Hospice-atible

I have a friend who is dying from cancer. She is only thirty-six years old, and she is dying from an aggressive, rare form of cancer. So rare that even the old sawbones at the University of Michigan Medical Center are scratching their nerdy, Ann Arbor hippy scalps over it.

Okay, now I have gotten the facts out of the way. The general facts that is. Usually when I write, I tend to take the reader on a voyage and that part of the voyage above could have stretched on for quite some time. This time it could not. I needed to get that out of the way so you could understand quickly. I need that.

For you to understand quicky. This has to be a quick entry.

I went to visit Ellen at the hospice. I was amazed that there was a need to buzz into the hospice through a security door setup. That place is more secure than The Thunderdome. It is for security.

Apparently, there are sickos who cannot wait for those in the hospice to pass and they need protection.

Her mother was there, waiting. Ellen was asleep. I sat down, near Ellen in a chair. Then her mother moved and I sat in a triangle formed between Ellen, her mother and myself. Actually, it was more of a diagonal line. Forgive me if I exaggerate a bit, the whole deal seemed a bit exaggerated.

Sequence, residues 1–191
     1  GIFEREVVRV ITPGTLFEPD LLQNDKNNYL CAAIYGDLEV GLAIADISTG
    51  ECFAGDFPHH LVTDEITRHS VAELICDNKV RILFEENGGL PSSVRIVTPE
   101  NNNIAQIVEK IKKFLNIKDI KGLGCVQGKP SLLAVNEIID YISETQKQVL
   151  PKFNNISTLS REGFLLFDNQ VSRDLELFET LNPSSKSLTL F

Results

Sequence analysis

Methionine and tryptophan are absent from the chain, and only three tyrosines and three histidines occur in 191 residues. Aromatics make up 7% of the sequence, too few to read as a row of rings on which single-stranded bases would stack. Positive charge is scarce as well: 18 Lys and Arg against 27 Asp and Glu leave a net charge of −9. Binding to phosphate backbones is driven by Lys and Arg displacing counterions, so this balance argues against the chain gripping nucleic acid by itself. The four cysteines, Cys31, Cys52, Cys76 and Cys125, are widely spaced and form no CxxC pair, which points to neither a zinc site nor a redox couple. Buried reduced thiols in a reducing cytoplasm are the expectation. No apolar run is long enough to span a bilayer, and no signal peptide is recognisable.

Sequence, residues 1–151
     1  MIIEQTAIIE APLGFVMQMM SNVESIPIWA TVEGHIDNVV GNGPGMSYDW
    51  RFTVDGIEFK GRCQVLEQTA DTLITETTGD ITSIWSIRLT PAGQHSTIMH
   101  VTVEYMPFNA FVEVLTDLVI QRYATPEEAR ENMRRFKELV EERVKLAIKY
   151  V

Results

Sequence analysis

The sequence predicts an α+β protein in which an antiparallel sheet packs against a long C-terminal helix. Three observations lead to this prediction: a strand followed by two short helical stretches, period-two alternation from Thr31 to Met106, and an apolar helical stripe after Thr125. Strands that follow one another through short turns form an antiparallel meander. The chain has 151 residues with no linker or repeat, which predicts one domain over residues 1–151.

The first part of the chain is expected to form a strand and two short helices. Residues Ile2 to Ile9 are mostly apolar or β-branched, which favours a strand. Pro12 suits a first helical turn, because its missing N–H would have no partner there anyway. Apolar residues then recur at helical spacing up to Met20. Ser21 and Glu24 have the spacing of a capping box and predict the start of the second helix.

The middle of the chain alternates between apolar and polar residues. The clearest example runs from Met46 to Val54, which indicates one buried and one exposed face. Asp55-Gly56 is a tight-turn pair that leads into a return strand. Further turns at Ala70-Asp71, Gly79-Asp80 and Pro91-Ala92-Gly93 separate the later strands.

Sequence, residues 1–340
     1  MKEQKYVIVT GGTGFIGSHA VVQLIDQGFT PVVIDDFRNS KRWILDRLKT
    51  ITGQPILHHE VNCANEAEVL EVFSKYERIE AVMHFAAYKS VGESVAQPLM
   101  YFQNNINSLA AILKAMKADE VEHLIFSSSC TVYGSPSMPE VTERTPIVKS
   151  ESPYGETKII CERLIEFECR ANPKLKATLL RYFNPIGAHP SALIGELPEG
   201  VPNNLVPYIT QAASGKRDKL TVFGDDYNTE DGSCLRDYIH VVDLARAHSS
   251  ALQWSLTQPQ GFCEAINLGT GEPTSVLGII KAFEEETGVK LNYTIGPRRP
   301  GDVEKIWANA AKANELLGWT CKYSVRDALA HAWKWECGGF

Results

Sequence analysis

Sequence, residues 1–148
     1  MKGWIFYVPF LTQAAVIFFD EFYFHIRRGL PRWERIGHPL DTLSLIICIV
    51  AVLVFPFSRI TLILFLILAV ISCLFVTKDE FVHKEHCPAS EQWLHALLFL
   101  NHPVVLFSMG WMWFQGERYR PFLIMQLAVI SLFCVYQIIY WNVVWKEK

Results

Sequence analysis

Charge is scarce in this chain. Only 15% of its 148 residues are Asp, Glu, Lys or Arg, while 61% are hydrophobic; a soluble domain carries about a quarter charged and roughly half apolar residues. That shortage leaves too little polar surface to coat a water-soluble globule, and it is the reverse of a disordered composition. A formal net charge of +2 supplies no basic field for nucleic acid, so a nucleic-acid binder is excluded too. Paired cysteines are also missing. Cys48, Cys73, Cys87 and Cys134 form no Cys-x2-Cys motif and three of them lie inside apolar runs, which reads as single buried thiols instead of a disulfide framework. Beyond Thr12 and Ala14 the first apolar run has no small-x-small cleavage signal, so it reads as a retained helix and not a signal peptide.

So, there I sat. Humming “The Lady’s Bransel” to myself. I sat there and looked over at her mother, an elderly woman watching her daughter…and waiting.

Did I mention that Ellen is only thirty-six?

I sat there and felt awkward. Should I say something? What do you say to a sleeping person? “WAKE UP!” is what you say. But what do you say to a sleeping person who is dying? Nothing. You sit there and you hum “The Lady’s Bransel.” Eventually, I had to go. I told Ellen that I loved her and that she was definitely a child of the Goddess. I did expect more of myself, being a priest and what have you, but that is what I had to give; the Crossroads is a tough place to be…

Her mother followed me out. She remembered me and gave me a hug. She told me that Ellen was sleeping the best she had been: that snore she had was her normal snore. I thought that was an odd thing to say, but I understood.

Then I left.

During my show last night, I opened with a song by The Damned: “The Portrait.” I got a complaint at the dedication to Ellen. I took no offense. How was that one supposed to know that that was the song playing as I drove away? I offered no explanation. Who needs to? I ended my broadcast with the song that was playing as I found my way to see Ellen. A song by Sting: “Fragile.”

“Lest we forget how Fragile we are…”

8 comments

    1. That is what gets me, apparently when Ellen was last lucid, she was comforting those who came to see her. I asked myself if I was going to show respect and friendship, or if I was going to get a bit of comforting from her.

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